Reflections on the Decreasing Affordability of Legal Education
Jerome M. Organ
University of St. Thomas - School of Law (Minnesota)
Washington University Journal of Law and Policy (2013, Forthcoming)
U of St. Thomas (Minnesota) Legal Studies Research Paper No. 13-11
This Article offers two different lenses for thinking about the “affordability” of legal education. Part I discusses a historical perspective focused on aggregated data over time: average tuition in relation to average salaries of law school graduates. Part II discusses a present day perspective, estimating the percentage of Class of 2011 graduates for whom legal education might be considered affordable using a formula drawing on debt-to-income ratios associated with mortgages. Part III discusses the extent to which affordability may vary among public and private law schools, law schools in different states or regions, and for students with different LSAT and GPA profiles. Part IV concludes with a discussion of some of the challenges legal education will face as a result of legal education’s decreasing affordability.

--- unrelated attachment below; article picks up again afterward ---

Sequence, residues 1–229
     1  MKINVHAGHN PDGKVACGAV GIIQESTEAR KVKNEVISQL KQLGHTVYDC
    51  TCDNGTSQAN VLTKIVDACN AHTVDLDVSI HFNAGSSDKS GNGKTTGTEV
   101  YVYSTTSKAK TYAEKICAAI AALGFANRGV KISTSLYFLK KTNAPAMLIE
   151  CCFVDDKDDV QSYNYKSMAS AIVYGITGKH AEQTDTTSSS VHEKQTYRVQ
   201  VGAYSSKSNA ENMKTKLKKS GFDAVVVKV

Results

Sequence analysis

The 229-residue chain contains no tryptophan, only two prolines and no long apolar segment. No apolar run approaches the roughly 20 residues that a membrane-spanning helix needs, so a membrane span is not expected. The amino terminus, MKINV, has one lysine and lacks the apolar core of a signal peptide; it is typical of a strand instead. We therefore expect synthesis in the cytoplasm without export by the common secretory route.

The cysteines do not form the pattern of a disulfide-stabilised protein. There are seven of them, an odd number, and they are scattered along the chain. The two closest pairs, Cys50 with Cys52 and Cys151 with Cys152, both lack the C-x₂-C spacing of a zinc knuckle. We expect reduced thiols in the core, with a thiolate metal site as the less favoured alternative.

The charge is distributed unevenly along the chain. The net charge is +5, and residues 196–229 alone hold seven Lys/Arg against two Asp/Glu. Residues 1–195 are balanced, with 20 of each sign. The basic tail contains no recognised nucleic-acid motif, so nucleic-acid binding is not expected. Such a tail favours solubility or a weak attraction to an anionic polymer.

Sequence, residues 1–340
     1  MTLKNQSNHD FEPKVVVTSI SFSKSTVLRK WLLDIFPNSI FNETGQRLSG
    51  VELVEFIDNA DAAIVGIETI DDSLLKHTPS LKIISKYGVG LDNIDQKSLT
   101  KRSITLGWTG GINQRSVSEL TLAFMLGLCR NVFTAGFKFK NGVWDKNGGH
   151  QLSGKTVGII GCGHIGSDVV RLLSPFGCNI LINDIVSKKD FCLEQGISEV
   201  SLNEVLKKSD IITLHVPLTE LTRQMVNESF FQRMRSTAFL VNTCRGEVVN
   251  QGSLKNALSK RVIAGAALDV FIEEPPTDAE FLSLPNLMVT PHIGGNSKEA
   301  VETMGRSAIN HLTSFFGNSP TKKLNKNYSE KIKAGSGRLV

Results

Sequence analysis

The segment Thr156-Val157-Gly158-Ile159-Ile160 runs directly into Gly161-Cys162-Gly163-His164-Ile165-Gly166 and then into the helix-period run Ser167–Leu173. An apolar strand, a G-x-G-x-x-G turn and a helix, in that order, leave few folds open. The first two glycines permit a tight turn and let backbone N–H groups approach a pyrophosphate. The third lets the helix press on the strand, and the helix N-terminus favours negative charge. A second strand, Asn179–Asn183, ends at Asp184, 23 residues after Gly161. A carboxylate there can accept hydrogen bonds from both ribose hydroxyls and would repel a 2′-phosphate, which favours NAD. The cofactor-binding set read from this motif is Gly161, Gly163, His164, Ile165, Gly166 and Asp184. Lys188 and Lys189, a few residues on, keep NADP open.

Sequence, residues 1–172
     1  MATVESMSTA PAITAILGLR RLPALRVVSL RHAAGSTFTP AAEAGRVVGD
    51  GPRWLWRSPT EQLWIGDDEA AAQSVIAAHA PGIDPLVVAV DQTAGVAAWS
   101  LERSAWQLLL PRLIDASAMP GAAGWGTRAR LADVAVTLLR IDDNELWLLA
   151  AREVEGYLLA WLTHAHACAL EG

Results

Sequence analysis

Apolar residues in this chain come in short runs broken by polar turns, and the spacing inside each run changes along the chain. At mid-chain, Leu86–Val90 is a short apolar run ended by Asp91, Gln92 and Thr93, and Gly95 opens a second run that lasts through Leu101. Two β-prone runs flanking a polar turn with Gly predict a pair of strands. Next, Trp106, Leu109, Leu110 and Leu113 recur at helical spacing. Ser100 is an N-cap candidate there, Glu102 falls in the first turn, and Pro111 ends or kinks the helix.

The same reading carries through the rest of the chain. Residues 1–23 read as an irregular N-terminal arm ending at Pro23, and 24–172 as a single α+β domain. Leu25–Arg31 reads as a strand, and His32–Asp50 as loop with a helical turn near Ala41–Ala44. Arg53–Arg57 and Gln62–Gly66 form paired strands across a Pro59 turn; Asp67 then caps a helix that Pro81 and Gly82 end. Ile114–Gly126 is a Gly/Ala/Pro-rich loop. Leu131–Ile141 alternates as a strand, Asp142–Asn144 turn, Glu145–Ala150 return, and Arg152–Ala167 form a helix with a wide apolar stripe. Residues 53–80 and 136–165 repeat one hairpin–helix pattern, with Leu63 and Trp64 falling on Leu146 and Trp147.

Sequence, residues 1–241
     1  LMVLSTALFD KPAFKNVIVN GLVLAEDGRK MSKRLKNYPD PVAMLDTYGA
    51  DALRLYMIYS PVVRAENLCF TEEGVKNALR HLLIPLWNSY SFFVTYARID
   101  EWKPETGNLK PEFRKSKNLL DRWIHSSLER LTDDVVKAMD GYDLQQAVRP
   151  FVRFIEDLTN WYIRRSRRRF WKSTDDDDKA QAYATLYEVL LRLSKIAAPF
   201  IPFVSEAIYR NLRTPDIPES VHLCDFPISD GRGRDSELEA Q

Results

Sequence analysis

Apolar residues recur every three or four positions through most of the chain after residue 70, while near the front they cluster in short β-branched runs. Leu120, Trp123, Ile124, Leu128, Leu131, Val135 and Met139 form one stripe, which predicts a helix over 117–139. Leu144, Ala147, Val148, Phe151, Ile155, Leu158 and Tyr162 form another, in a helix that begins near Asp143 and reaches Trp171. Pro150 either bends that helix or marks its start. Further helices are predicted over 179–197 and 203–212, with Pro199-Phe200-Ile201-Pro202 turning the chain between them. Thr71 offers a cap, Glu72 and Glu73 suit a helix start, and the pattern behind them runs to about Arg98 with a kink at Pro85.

Number of Pages in PDF File: 29
Keywords: law school, legal education, affordability of legal educationAccepted Paper Series
Date posted: April 3, 2013
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